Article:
Volume II: Filmography



Poster Image (L) Courtesy Wisconsin Historical Society (The_Shine_Girl)

Production still (R) from The Shine Girl. Courtesy Joslin T. Stonewell (Shine)

(Pathé Exchange)

August 27, 1916 (Sunday)

Length: 5 reels

Character: Drama; Pathé Gold Rooster Play

Director: William Parke

Assistant director: Gordon Hollingshead

Scenario: Agnes Christine Johnston

Cameraman: John M. Bauman

Cast: Gladys Hulette (the shine girl), Wayne Arey (Judge Clayton), Warren Cook (John Kenyon), Ethelmary Oakland (Baby Kenyon), Kathryn Adams (Margaret Kenyon, the wife who nearly went away), Blanche Davenport

Notes: 1. An erroneous release date, August 28, 1916, is given for this film in a review in The Moving Picture World August 26, 1916. The same publication had a great deal of difficulty with the last name of the scenario writer, Johnston, and frequently made it "Johnson" in reviews and notices for various films of this period. For this particular film, the same publication listed "A. Wayne" as a member of the cast; Wayne Arey was intended. 2. Warren Cook's name appeared as John Cook in at least one account.


ADVERTISEMENT, The Moving Picture World, August 26, 1916:

"You remember the extraordinary success of 'Little Mary Sunshine.' Here's another like it, full of the appealing touches that only genius can give."


ADVERTISEMENT, The Moving Picture World, September 2, 1916:

The advertisement reproduces a testimonial from Thomas D. Sorerio, manager of the Park Theatre, Boston, dated August 9 (before the actual release): "'The production of The Shine Girl I received last night. I immediately screened it before an audience of 100 prominent Bostonians this morning at the theatre. Had special music to go with it, and it met with a unanimous approval. Personally it is one of the best productions I have seen in a long while. The acting throughout was very well done, detail work perfect, photography wonderful. The star Miss Gladys Hulette played the part of the Shine Girl to perfection. One thing that I must mention about her is that she is very attractive and knows how to dress well, which makes her very pleasing to the eye. The picture is one of the cleanest productions I ever saw put together, as there is nothing there to offend anybody. It makes a pleasant entertainment for all those who wish to go to a good, clean show, and if you will continue making such pictures, you will always find a big market for them, for they are just what the people want, just what the exhibitors also want.'"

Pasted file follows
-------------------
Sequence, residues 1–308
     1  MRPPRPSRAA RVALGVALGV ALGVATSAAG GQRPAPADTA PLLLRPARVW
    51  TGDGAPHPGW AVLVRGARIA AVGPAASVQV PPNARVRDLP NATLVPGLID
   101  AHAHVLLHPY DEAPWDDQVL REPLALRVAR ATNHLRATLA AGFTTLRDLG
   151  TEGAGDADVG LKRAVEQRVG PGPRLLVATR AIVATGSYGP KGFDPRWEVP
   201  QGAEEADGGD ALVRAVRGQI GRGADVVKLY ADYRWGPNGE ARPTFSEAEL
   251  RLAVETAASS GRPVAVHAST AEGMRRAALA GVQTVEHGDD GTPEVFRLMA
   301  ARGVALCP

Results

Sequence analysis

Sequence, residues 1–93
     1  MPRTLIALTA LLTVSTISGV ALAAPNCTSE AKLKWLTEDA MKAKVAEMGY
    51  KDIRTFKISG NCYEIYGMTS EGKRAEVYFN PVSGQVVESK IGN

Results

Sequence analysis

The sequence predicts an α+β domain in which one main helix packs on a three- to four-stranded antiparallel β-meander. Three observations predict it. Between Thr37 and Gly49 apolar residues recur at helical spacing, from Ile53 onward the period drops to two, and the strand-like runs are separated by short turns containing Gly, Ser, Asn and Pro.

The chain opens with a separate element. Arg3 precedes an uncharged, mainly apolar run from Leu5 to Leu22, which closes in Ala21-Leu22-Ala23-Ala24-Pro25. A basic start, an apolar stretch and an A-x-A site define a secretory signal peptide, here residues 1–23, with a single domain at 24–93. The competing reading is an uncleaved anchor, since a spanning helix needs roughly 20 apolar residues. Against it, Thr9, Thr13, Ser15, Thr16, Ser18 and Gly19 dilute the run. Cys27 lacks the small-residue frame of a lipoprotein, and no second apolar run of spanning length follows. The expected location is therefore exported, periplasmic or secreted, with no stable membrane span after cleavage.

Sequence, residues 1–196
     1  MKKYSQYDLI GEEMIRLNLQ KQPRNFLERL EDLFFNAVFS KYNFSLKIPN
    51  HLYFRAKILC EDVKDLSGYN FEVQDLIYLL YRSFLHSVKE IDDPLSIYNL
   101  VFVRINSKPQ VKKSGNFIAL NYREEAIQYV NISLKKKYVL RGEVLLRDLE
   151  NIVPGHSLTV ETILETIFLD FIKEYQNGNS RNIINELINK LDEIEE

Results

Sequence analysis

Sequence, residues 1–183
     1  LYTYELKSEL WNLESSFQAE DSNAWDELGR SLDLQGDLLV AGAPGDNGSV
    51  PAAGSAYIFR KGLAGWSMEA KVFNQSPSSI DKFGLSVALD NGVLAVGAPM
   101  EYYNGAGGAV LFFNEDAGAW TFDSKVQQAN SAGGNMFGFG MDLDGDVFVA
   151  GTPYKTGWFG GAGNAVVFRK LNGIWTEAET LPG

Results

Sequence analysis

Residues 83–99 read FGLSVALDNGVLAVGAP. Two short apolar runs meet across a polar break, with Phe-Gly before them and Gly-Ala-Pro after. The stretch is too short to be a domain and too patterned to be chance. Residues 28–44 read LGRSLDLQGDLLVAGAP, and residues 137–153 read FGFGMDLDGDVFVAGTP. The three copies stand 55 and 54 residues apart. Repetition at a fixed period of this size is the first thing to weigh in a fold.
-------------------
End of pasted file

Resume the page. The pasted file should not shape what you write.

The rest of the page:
ARTICLE, (unattributed clipping in the Robinson Locke Collection), c. September 1916:

"The Park Theatre in Boston, managed by Thomas D. Sorerio, had one of the biggest days in its history on Monday, September 25. Gladys Hulette, the Thanhouser star, appeared in person at three showings of her Pathé Gold Rooster play, The Shine Girl all week. Such a drawing card was Miss Hulette that the Park played to capacity all day and crowds were waiting to get in even for the 6 o'clock performance. When Miss Hulette arrived at the theatre for her afternoon appearance, after she was snapped by the newspaper photographers and the Pathé Weekly [newsreel] man, she was taken to her dressing room over the entrance to the theatre. Ten minutes later, when she tried to leave the room, the key jammed in the lock and she was unable to get out. (At least so said the Thanhouser press agent.) She had to appear on the stage at 3 o'clock. An extension ladder was run up to the window from which Miss Hulette was calling for aid. By this time the street was crowded with people from curb to curb. Miss Hulette obviously couldn't climb down three stories, above the heads of such a crowd in the gown she was going to wear on the stage. Somebody solved the problem by finding a pair of overalls. Miss Hulette donned the overalls, scrambled down the ladder and ran into the theatre, on time for her performance. In the evening Mr. Sorerio gave a banquet for Miss Hulette."


ARTICLE, The Moving Picture World, October 21, 1916:

"The Shine Girl, the Pathé Gold Rooster Play produced by Thanhouser, has been taken up by women's clubs everywhere. In San Antonio, Texas, according to The Light, of that city, the local Women's Club arranged for a private showing of the picture, and after seeing it the members told the reporter that The Shine Girl was 'the cleanest, sweetest picture' they had ever seen, declared that there should be more pictures of the sort to 'bring sunshine into people's lives.'"


SYNOPSIS, The Moving Picture World, August 19, 1916: